Sure steve, because coaches always tell the truth when talking to journalists, right? You asked him if he acted out of spite, and he assured you he didn’t. So case closed?

        Of course in October 2012, JK said that Jozy wasn’t asked in because of “certain things that happened in the May June camp”. Yet in June, he had this to say:

        “Every day he’s getting a little bit better. You can see that in every training session. We help him, help him, and we work on it. He’s working hard. He’s positive about it.”

        So…was he truthful both times? Praise after the June camp and suddenly the June camp is a problem when he was justifying a decision?

        Klinsmann was actually my favorite player when he was active and I was delighted when we hired him. But a year in a half of inconsistent selection criteria, conservative tactics and on field confusion soured me on him as a coach. Now over the last few months he has evolved. He seems to trust his players more and he has dumped the three d-mid appraoch and added more attacking width. And in Jozy’s specific case, he has FINALLY stopped using him as an isolated holding forward and let’s him attack the defense with the ball at his feet –exactly how he has always been successful.

        But instead of writing about a guy who seems to have taken a step forward, you are arguing that the faults were never really there.

      • 77cjh77 - Aug 22, 2013 at 4:47 PM

        Mr. Davis, you really find it so hard to believe that Jurgen might have told you one thing that wasn’t entirely true to save face? Because, you know, no one has ever done that before. Surely you can’t be that naive.

  3. danielofthedale - Aug 14, 2013 at 6:46 PM

    Is Jozy now the most important player for the US in terms of making it out of the group next Summer? I think he is as it looks like he wi be guy bringing the scoring boots to Brazil.

    • schmutzdeck - Aug 14, 2013 at 8:51 PM

      Jozy hasn’t changed that much. The team got better around him and is using him better.

      It is an 11 man game.

  4. talgrath - Aug 14, 2013 at 7:05 PM

    If keeps this up, Altidore could surpass Donovan’s scoring record while Donovan is still playing for the USMNT.

    • tonyinquakeland - Aug 15, 2013 at 1:55 PM

      If he doesn’t surpass it eventually, it will be a major disappointment.., but Donovan doesn’t appear to be willing to concede just yet. :-)

  5. Andrew Marcinko - Aug 14, 2013 at 7:59 PM

    Comment section smackdown going on in here. It’s brutal!

    My problem is how much impact a holdup forward like Altidore can have against better teams. B/H was good, but not great, and their defense was their weakest link. If the midfield starts to get overrun, it’s not going to matter how amazing Altidore is playing. While elite midfielders and defenders always factor into games, an elite holding forward can be completely nullified without support.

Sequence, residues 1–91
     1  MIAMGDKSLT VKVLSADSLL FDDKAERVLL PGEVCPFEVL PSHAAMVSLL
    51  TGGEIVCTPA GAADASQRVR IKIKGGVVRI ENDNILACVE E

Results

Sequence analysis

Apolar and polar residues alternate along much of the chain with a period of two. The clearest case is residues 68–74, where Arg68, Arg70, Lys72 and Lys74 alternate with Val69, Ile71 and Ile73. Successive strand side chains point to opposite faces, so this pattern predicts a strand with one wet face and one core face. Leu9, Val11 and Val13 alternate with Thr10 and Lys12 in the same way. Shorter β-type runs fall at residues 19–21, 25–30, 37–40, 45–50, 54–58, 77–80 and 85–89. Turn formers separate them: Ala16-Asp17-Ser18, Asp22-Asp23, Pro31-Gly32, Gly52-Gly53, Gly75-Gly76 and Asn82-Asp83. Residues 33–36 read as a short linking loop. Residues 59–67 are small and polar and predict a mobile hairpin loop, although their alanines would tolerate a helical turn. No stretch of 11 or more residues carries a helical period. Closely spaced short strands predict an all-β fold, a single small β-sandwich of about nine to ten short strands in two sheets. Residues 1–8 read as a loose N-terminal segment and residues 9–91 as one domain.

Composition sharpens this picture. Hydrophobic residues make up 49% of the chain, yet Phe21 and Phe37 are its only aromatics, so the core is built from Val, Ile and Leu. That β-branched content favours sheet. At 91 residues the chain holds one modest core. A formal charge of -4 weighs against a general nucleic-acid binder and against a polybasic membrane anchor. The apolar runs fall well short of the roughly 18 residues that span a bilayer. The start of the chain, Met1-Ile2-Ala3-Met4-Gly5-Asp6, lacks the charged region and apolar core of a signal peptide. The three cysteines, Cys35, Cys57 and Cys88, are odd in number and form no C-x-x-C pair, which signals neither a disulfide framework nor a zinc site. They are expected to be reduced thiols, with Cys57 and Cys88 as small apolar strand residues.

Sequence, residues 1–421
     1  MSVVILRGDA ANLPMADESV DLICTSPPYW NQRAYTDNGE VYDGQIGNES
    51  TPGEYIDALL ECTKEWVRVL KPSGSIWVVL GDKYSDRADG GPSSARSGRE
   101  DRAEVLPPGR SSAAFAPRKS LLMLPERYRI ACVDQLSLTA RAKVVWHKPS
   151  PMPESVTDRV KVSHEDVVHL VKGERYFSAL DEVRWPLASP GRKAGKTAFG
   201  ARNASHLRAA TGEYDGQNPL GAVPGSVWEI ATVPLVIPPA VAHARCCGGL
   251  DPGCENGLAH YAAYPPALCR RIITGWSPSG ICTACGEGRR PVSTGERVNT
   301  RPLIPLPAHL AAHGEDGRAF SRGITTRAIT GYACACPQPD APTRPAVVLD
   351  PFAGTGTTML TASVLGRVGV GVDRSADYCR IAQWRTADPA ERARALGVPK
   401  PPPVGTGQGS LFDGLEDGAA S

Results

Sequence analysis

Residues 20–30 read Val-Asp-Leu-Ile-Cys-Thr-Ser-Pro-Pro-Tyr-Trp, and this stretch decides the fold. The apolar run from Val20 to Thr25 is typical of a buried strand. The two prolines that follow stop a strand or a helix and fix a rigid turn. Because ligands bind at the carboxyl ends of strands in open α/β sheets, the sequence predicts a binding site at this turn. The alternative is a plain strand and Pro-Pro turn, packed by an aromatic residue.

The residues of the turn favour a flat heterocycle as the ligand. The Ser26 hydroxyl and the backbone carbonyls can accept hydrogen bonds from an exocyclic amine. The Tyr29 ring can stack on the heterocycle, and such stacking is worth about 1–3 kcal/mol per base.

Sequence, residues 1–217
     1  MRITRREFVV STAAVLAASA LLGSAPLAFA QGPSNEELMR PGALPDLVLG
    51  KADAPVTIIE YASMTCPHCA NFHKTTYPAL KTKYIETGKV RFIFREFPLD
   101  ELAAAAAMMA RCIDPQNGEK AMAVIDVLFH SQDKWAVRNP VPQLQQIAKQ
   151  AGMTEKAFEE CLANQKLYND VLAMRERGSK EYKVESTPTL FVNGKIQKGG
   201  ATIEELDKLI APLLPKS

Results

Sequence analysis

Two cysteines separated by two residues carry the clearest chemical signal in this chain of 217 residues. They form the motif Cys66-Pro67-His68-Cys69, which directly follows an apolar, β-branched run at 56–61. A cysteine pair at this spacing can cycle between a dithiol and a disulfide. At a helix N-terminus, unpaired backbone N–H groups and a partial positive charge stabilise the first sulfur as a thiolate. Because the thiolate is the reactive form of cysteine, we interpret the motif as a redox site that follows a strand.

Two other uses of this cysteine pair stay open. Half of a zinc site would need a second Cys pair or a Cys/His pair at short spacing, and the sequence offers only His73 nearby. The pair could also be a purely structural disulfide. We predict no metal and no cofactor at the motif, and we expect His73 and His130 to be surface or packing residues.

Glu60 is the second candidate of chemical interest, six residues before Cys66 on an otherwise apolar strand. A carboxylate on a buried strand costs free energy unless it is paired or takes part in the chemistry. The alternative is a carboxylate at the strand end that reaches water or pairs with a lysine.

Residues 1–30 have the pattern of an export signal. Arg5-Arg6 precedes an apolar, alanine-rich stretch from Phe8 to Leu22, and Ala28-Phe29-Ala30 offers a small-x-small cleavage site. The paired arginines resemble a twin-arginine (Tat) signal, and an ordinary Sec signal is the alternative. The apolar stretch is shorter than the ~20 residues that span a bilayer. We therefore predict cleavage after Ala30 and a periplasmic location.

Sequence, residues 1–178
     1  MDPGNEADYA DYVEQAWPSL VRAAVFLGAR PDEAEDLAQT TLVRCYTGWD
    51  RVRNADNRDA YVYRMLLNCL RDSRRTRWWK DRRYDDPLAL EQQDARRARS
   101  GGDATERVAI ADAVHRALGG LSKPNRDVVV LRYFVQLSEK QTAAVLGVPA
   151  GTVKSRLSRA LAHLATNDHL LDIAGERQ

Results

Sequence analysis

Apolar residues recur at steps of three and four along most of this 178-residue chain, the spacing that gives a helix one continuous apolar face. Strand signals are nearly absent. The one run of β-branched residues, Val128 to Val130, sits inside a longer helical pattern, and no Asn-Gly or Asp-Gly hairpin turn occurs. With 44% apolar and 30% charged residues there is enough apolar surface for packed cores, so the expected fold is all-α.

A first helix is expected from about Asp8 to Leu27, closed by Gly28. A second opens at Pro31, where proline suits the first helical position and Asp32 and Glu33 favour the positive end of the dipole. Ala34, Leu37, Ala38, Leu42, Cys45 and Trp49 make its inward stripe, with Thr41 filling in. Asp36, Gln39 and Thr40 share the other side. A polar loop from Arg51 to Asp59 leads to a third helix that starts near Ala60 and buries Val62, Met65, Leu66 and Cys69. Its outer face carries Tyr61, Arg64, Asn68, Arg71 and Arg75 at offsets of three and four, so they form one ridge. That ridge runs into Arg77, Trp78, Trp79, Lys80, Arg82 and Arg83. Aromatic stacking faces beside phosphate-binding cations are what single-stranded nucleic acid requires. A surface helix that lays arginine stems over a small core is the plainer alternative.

Granted, it’s awesome that I’m worried about how the USA is going to beat top 10 teams.

    • boscoesworld - Aug 17, 2013 at 11:42 AM

      I believe schmutzdeck above was spot on about this. It is not so much that Jozy has changed that much but the supporting cast has gotten that much better!! The old attack by going in reverse has gone in reverse if you know what I mean.

  6. schmutzdeck - Aug 14, 2013 at 8:49 PM

    My four points:

    1. Now you know why JK wasn’t mad about Clint’s move.

    2. I hope this stops the burgeoning “ Charlie Davies for 2014” movement

    3. I hope the USMNT players continue being so lightly regarded by the pundits and the fans.

    4. I hope JK’s “tactical skills” continue being so lightly regarded by the pundits and the fans.

  7. lyleoross - Aug 15, 2013 at 3:19 PM

    Some truly amazing comments here. I will refer some posters to the changes that have occurred in the squad across the board under JK, not to mention the direct changes he’s made during matches, that have resulted in great things.

    Even if we ignore all of that, the simple fact is that if you know the sport, and what has happened on the world stage, then you know that JK has been successful in taking us down a better path than we are on. To do so in such short order, and given that the overall structure of our youth system does not support that structure yet, speaks volumes.

    Go back and look at Jozy during the last World Cup. He was a lumbering giant with one skill, slowly building up to speed, in one direction, and hoping to receive the ball in the clear. Exactly what you’d expect given the long ball, highly defensive style of play he was coming out of. Yet somehow he has turned into a fairly tactile player with what appears to be a great touch on the fly. JK deserves some credit for that. How much is a question, but you have to acknowledge that the system JK is using supports a more dynamic style of play up front. Without that, you don’t see any of the production we’ve seen from Jozy or Landon. You see the disappointing squad we saw at the last World Cup.

    • boscoesworld - Aug 17, 2013 at 11:43 AM

      Well said indeed!!